Pricing is usually a fixed $350 per person, with an additional 20% for service. I’m surprised the pricing is this low, as Benu is among the best restaurants in the country by quality alone and worth a flight to visit.
The French Laundry
6640 Washington St, Yountville, CA 94599
Behold, an expensive restaurant that isn’t in San Francisco or New York City! It’s not too far away from SF, though, as The French Laundry is set in Yountville, California.
It’s part of the Thomas Keller restaurant group (which also owns Per Se), with daily menus that typically include a mix of vegetables, seafood, farm butter, and fruits in a nine-course meal.
Prices here start around $350 per person, not including wines. Their cellar is moderately impressive – not the largest list I’ve seen, but big enough to suit almost any tastes.
Eleven Madison Park
11 Madison Ave, New York, NY 10010
Eleven Madison Park is another restaurant in New York City, overlooking Madison Square Park.
It focuses on entirely plant-based meals, with a separate bar that offers a much smaller tasting menu, snacks, and wine.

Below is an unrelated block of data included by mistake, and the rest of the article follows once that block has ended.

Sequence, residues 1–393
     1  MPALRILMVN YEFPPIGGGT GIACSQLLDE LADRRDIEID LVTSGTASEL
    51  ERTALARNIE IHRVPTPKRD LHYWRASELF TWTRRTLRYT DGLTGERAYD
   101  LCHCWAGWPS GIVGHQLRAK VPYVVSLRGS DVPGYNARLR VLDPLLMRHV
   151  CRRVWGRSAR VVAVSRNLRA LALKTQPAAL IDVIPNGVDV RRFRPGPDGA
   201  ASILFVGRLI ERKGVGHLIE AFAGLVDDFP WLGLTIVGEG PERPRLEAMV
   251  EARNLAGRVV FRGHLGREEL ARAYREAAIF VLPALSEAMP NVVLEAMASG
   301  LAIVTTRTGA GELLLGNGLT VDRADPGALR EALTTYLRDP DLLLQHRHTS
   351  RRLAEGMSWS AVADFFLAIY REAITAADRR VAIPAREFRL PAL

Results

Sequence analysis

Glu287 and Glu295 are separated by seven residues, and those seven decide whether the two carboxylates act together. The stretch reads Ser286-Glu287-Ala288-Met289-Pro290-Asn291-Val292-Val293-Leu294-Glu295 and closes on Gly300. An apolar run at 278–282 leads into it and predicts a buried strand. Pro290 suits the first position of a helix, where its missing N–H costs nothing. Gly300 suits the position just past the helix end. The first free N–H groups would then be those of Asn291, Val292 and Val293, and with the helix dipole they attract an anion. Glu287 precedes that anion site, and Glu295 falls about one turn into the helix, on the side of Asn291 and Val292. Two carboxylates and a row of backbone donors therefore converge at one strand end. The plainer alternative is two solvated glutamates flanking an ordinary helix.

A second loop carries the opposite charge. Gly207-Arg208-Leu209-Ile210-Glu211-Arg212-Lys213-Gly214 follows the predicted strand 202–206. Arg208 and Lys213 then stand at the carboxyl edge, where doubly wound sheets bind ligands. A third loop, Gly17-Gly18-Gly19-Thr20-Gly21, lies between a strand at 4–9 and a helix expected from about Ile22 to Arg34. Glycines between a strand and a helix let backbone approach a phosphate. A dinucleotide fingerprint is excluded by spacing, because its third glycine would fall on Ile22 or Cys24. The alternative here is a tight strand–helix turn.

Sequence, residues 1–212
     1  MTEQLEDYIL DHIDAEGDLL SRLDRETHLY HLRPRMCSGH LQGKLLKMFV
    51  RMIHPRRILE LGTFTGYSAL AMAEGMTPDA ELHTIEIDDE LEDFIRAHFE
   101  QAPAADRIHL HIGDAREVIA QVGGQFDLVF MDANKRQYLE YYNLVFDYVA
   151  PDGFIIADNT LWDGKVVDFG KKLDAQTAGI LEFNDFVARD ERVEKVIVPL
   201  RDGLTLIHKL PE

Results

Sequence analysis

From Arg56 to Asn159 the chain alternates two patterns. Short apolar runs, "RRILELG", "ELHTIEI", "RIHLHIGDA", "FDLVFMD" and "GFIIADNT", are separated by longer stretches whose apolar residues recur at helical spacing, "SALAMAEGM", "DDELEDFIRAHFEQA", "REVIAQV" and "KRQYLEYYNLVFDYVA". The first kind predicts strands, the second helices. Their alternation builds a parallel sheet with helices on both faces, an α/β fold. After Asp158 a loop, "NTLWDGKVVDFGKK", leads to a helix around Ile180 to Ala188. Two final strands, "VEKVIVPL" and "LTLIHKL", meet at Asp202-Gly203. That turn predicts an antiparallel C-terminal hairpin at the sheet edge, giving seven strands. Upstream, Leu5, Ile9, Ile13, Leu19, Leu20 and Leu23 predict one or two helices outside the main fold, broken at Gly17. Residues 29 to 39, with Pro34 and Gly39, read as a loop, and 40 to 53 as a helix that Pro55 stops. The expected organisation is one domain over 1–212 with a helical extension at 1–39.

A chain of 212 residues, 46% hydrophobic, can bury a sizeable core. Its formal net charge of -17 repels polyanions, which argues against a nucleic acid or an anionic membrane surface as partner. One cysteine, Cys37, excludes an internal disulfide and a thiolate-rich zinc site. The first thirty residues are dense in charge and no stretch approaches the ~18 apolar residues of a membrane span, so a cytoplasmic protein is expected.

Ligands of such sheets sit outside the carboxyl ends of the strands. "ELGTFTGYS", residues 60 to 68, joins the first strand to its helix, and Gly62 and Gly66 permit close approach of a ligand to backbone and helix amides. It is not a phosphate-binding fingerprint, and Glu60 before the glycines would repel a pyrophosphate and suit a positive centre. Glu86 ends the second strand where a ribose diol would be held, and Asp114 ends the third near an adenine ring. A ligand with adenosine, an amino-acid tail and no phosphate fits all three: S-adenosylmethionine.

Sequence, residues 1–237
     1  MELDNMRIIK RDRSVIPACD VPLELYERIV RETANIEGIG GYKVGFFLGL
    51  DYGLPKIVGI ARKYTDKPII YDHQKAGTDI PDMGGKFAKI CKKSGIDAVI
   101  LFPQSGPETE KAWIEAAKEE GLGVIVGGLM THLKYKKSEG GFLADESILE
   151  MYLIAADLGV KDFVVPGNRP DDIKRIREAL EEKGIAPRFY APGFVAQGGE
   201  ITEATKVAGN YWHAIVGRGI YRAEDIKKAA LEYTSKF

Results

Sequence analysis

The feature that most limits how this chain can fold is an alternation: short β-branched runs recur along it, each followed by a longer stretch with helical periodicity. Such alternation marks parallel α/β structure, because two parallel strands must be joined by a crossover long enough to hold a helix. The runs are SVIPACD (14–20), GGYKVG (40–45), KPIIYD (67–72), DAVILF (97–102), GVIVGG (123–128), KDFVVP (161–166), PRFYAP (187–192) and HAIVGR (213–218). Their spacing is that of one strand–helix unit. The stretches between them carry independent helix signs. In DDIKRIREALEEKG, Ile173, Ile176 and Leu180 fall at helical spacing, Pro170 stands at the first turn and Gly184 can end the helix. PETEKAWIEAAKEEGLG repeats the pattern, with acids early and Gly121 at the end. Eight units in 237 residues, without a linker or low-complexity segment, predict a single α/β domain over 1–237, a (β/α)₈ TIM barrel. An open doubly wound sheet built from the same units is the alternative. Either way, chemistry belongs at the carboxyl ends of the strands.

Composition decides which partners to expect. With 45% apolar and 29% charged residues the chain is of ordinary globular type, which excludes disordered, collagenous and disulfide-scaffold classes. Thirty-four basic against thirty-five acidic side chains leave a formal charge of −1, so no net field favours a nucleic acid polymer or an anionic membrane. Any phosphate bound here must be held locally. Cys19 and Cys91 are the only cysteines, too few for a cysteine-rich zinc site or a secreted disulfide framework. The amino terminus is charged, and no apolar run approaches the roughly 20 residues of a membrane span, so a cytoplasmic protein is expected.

Eleven Madison Park is also socially conscious, using proceeds from meals to help provide meals to food-insecure citizens within the city.
This restaurant has occasionally struggled under its ambitions, but it’s managed to maintain three Michelin stars.
I suggest stopping by if you’re interested in what chefs can do with plants or want to be charitable with some of your dining.
3799 Las Vegas Blvd S Las Vegas, NV 89109
Joël Robuchon is a highlight at the MGM Grand in Las Vegas.
I haven’t experienced things like that often, and it was worth the trip.
The restaurant has a wide variety of awards, including three Michelin stars, five diamonds from the AAA, and plenty of others that mostly just repeat what we already know.
The food here is deceptively simple-looking by design, with an emphasis on high-quality ingredients and natural flavors.
1723 N Halsted St, Chicago, IL 60614
Set in Chicago’s Lincoln Park neighborhood, Alinea is an interesting experience. Seats mostly cluster around tables here and aren’t quite as luxurious as I expect in this price range, but the menu is worth it.
However, the Alinea Kitchen Table – their best menu – requires a party of exactly six people at $475 per person, so it can be a little hard to get without some friends.
More likely, you’re going to go with their first-floor gallery, which has two showings per night and can accommodate just two people.
The menu changes regularly and they don’t like advertising it, but it typically includes fruits and land-based meats, in small serving sizes.